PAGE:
The walls are considered as a protective shield covering the sensitive internal hoof tissues (like the exoskeleton of arthropods), as a structure devoted to dissipating the energy of concussion, and as a surface to provide grip on different terrains. They are elastic and very tough, and vary in thickness from 6 to 12 mm. The walls are composed of three distinct layers: the pigmented layer, the water line and the white line.
The pigmented layer is generated by the coronet, and its color is just like that of the coronet skin from which it is derived. If the coronet skin has any dark patch, the walls show a parallel pigmented line, from the coronet to the ground, showing the wall’s growth direction. This layer has predominately protective role, and is not as resistant to ground contact, where it can break and flake away.
The water line is built up by the coronet and by the wall’s corium (the living tissue immediately beneath the walls). Its thickness increases proportionally to the distance from the coronet and, in the lower third of the walls, is thicker than the pigmented layer. It is very resistant to contact to the ground, and it serves mainly a support function.
The white line is the inner layer of the wall. It is softer and fibrous in structure and light in color; white in a freshly trimmed hoof, yellowish or gray after exposure to air and dirt. From the underside of the healthy hoof, it is seen as a thin line joining the sole and the walls. The white line grows out from the laminar connections. Any visible derangement of the white line indicates some important derangement of laminar connections that fix the walls to the underlying P3 bone. Since the white line is softer than both the walls and the sole, it wears fast where it appears on the surface; it appears as a subtle groove between the sole and the walls, often with some debris or sand inside.
The three layers of the wall merge in a single mass and they grow downwards together. If the wall does not wear naturally, from sufficient movement on abrasive terrains, then it will protrude from the solar surface. It then becomes prone to breakage, and the healthy hoof will self-trim, by breaking or chipping off.
When a horseshoe is applied, it is fixed to the wall. Nails are driven in, oblique to the walls. They enter the wall at the outside edge of the white line and they emerge at the wall’s surface, about 15 to 20 mm from the base of the wall.
The wall is anatomically analogous to the human finger or toe nail.
The frog is a V shaped structure that extends forwards across about two-thirds of the sole. Its thickness grows from the front to the back and, at the back, it merges with the heel periople. In its midline, it has a central groove (sulcus), that extends up between the bulbs.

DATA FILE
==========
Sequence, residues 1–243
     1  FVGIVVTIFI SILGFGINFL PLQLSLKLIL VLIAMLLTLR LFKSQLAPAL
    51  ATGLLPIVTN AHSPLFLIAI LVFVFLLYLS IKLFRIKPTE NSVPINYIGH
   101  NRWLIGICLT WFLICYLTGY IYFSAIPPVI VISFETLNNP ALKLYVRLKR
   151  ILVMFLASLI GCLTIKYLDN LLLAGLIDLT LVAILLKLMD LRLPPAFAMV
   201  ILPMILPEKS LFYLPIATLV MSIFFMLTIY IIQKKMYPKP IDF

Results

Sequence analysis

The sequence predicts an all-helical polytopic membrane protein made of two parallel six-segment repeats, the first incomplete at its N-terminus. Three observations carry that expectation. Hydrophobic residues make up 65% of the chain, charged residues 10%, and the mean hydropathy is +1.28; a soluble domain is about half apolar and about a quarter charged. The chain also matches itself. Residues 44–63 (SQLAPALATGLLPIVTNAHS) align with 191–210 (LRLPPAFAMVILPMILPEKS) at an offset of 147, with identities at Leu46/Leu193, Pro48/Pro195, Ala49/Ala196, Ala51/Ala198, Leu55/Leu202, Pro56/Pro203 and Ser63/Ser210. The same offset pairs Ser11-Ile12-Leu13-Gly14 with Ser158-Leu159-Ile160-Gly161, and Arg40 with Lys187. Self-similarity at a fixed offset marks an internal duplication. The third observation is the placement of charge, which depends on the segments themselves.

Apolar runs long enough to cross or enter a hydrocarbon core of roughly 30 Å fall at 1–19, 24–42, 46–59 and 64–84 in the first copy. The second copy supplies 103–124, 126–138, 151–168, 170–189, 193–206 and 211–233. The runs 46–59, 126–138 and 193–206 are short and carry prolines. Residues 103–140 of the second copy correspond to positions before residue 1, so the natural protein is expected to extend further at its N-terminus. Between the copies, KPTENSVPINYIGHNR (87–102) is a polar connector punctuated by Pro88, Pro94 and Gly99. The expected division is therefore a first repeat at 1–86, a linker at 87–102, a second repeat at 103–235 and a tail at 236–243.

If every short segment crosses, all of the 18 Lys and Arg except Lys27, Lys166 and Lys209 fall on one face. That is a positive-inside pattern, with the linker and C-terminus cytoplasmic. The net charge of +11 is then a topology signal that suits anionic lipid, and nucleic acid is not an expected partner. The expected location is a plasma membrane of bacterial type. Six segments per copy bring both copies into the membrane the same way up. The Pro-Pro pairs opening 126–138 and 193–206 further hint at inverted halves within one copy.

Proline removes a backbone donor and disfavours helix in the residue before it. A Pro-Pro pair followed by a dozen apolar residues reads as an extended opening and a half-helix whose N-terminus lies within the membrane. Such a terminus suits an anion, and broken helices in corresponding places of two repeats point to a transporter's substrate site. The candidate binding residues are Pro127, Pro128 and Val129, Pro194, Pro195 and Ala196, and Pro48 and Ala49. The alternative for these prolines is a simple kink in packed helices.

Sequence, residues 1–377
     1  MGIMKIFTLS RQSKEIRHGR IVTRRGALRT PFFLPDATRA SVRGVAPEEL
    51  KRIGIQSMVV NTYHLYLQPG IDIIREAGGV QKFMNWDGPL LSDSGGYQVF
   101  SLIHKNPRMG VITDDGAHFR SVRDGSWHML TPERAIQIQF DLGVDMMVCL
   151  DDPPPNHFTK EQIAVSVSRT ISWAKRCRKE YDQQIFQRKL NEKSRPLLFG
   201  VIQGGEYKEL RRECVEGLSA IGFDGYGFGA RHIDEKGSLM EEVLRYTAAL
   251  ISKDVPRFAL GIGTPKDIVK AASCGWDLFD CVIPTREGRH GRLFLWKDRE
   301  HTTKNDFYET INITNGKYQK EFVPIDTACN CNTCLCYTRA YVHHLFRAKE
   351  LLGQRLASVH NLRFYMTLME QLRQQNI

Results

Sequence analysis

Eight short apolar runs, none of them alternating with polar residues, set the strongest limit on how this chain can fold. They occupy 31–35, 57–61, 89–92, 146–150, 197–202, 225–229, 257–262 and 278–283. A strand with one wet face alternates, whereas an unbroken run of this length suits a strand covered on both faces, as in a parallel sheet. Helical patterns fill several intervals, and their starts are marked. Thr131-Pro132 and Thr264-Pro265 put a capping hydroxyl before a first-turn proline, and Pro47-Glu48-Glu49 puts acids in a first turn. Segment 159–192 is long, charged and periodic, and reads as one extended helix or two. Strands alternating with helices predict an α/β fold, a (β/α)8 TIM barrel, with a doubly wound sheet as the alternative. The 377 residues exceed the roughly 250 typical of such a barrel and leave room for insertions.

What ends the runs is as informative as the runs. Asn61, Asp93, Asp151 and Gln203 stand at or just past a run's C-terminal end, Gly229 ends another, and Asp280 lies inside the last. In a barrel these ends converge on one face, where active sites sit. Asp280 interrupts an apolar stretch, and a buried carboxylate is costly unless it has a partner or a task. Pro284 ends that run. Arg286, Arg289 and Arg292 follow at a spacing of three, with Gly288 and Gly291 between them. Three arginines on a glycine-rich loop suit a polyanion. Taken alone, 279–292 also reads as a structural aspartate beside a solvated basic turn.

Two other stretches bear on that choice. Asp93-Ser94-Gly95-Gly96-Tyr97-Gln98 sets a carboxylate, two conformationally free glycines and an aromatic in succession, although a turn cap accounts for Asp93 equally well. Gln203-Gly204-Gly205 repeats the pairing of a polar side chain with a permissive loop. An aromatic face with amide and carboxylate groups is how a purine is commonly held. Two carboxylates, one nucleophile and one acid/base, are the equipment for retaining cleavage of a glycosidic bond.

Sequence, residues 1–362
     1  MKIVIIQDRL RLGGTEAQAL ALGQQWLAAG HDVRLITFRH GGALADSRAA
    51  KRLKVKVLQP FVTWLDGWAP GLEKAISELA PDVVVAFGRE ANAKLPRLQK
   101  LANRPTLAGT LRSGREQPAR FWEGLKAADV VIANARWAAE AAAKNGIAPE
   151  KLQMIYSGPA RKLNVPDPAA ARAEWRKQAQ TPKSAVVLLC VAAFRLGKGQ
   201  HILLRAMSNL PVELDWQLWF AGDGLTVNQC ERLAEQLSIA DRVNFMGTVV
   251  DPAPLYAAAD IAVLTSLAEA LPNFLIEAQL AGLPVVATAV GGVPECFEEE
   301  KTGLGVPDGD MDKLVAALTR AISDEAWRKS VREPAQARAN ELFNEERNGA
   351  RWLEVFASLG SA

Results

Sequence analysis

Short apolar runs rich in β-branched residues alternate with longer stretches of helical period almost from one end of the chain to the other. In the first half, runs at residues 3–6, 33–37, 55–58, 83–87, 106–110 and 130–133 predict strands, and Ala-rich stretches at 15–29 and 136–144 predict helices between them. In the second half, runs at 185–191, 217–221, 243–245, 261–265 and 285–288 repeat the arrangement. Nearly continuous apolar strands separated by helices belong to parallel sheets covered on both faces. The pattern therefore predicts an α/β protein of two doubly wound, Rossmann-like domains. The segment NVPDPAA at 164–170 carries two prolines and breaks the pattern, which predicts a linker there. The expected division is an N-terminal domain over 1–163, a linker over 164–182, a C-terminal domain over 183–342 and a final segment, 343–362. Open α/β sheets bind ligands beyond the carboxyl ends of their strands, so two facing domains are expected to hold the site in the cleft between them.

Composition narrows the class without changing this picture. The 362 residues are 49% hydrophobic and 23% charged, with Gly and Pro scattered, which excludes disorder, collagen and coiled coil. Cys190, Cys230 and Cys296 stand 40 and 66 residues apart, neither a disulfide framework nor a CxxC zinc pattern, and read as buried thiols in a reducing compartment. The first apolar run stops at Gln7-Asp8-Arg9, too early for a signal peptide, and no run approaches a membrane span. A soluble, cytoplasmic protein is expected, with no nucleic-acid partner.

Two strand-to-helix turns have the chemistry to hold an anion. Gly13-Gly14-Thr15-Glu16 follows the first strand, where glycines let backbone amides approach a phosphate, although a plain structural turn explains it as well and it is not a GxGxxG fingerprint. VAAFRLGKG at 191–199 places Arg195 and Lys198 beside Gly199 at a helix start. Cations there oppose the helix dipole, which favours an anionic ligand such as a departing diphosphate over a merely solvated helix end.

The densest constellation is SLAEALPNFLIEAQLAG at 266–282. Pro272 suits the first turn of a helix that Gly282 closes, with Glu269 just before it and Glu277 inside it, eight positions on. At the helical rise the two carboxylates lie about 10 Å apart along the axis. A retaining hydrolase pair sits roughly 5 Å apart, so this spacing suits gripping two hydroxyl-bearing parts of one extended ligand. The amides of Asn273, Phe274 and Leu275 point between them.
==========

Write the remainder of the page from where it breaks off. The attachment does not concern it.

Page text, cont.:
It is dark gray-blackish in color and of a rubbery consistency, suggesting its role as shock absorber and grip tool on hard, smooth ground. Actually, the frog acts like a pump to move the blood back to the heart, a great distance from the relatively thin leg to the main organ of the circulatory system.
In the stabled horse, the frog does not wear, but degrades, due to bacterial and fungal activity, to an irregular, soft, slashed surface. In the free-roaming horse, it hardens into a callous consistency with a near-smooth surface.
It is anatomically analogous to the human fingertip.
The sole has a whitish-yellowish, sometimes grayish color. It covers the whole space from the perimeter of the wall to the bars and the frog, on the underside of the hoof. Its deep layer has a compact, waxy character and it is called ‘live sole’. Its surface is variable in character as a result of ground contact. If there is no contact, as in shod hooves or when the walls are too long or the movement poor, the lower surface of the sole has a crumbly consistency, and it is easily abraded by scratching it with a hoofpick. Conversely, it has a very hard consistency, with a smooth, bright surface, when there is a consistent, active contact with the ground. The front portion beneath the front of the pedal bone is called the ‘sole callus’.
A stone bruise affects the sole of the horse’s foot. It is often caused by a horse treading on a stone or sharp type of object, landings from high jumps and excessive exposure to snow. A major symptom is lameness.
Bars are the inward folds of the wall, originating from the heels at an abrupt angle. The strong structure built up by the extremity of the heel and of the bar is named the ‘heel buttress’. The sole between the heel walls and the bars is named the ‘seat of corn’, and it is a very important landmark used by natural hoof trimmers to evaluate the correct heel height. The bars have a three-layer structure, just like the walls (see above). When overgrown, they bend outwards and cover the lower surface of the sole.
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